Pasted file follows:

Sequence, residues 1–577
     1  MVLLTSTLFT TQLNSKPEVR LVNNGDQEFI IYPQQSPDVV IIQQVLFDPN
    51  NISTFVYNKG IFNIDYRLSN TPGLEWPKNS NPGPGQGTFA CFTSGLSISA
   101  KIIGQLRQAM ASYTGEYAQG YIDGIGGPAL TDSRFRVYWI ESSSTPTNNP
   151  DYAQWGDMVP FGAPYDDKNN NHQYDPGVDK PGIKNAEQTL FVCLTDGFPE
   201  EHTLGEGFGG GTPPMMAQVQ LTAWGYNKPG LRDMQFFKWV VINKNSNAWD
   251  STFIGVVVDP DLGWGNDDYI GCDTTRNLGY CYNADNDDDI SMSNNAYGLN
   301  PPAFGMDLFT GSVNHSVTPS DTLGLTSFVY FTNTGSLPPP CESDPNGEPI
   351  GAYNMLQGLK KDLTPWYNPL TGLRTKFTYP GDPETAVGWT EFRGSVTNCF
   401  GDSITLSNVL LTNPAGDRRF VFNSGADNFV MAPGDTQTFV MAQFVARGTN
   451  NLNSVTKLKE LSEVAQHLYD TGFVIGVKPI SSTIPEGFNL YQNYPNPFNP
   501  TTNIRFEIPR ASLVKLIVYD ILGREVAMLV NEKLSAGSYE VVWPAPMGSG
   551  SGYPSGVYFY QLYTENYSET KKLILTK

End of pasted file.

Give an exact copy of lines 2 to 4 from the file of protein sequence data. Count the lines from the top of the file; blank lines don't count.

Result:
     1  MVLLTSTLFT TQLNSKPEVR LVNNGDQEFI IYPQQSPDVV IIQQVLFDPN
    51  NISTFVYNKG IFNIDYRLSN TPGLEWPKNS NPGPGQGTFA CFTSGLSISA
   101  KIIGQLRQAM ASYTGEYAQG YIDGIGGPAL TDSRFRVYWI ESSSTPTNNP